Working in an office is great, but thanks to technology some jobs find offices obsolete and they see it only as an expense which they don’t need. Most of them have decided to ditch the classic office scenario and replace it with working from home or some other place more conducive to where each individual coworker feels the best.
Regardless of your working environment, the team still needs to be able to work, collaborate, communicate and function together as a team. Technology has made that a pretty easy task today as most of the tools you’ll need to accomplish this type of work are multi-platform and low-cost (or free). So basically, all you need to telecommute is a laptop, or mobile device, with an internet connection and some great applications and you’re ready to go!
First off, you need to communicate. Instant messengers are a great tool for quick sharing of information, so you should try out Skype for text messaging and voice and/or video calls. The only downside of Skype is that it’s a peer-to-peer messenger; meaning both parties will have to be online in order to get messages delivered. There’s practically no offline messaging involved until both sender and the receiver get online. A good alternative is Google Talk, a simple yet effective desktop client for Google’s Chat inside the Gmail service.
CMIT Solutions‘ Evan Stein notes, “If your team isn’t all using the same one (messaging program), programs like Pidgin, Spark IM, or Digsby work across multiple platforms. Digsby also lets you manage your social media, as well as chat. For secure chat, Microsoft Lync Server provides IM services that never leave your corporate intranet. It’s not free, but has a 180-day trial period”,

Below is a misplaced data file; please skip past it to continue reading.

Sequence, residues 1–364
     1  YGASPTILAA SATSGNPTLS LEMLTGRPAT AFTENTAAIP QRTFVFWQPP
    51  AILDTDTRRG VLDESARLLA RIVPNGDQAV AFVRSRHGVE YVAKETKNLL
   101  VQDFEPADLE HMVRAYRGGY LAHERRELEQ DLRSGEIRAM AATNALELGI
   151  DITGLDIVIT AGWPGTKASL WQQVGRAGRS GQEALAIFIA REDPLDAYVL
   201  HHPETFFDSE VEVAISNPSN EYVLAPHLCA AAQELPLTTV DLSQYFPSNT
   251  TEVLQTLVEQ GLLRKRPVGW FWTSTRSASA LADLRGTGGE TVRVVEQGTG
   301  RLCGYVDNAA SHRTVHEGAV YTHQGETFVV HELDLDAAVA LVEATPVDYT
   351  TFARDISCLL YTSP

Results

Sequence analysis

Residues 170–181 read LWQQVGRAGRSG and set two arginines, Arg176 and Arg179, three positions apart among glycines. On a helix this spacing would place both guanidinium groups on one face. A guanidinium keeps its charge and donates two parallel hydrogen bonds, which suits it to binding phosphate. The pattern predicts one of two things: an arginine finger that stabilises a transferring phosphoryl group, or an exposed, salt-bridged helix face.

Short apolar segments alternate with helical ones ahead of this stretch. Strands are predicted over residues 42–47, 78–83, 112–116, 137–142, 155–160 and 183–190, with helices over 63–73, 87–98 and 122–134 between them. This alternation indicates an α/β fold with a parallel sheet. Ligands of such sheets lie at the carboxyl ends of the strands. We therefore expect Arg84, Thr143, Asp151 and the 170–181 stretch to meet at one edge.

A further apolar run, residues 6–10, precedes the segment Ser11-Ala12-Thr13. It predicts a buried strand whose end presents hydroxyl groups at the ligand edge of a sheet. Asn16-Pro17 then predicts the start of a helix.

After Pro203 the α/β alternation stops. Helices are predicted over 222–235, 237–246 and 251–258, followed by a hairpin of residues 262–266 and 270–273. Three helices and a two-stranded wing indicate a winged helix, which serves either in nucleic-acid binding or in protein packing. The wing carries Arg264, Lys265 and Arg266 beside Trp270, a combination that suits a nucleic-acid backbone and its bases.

If you have a large team, you may want to consider using project management tools to track projects and communicate between team members. Some great project management apps to try include Basecamp, Producteev, Trello or Asana. Basecamp and Producteev offer free trials and then have packages starting at $20/month (Producteev remains free if you only have 2 people in your team). Asana is free for up to 30 members, after which it jumps to $100/month for a team of 30 plus. Trello is a free application.
You’ll also need some way of sharing and storing files. Dropbox is one of the most popular, but there’s a variety of file sharing services. Google Drive is one of the latest and it can be nicely integrated with your workflow if you’re already using Google’s services. If you’re more of a Microsoft user, SkyDrive allows you 7gb of free storage, more than either Dropbox or Google Drive.
Communication, collaboration and file sharing are basic fundamentals for your team to be virtual and to work effectively in a virtual environment. Since each business is different, you’ll need to test out which applications will suit you and your team.
Are you part of a virtual team? What applications are working for you?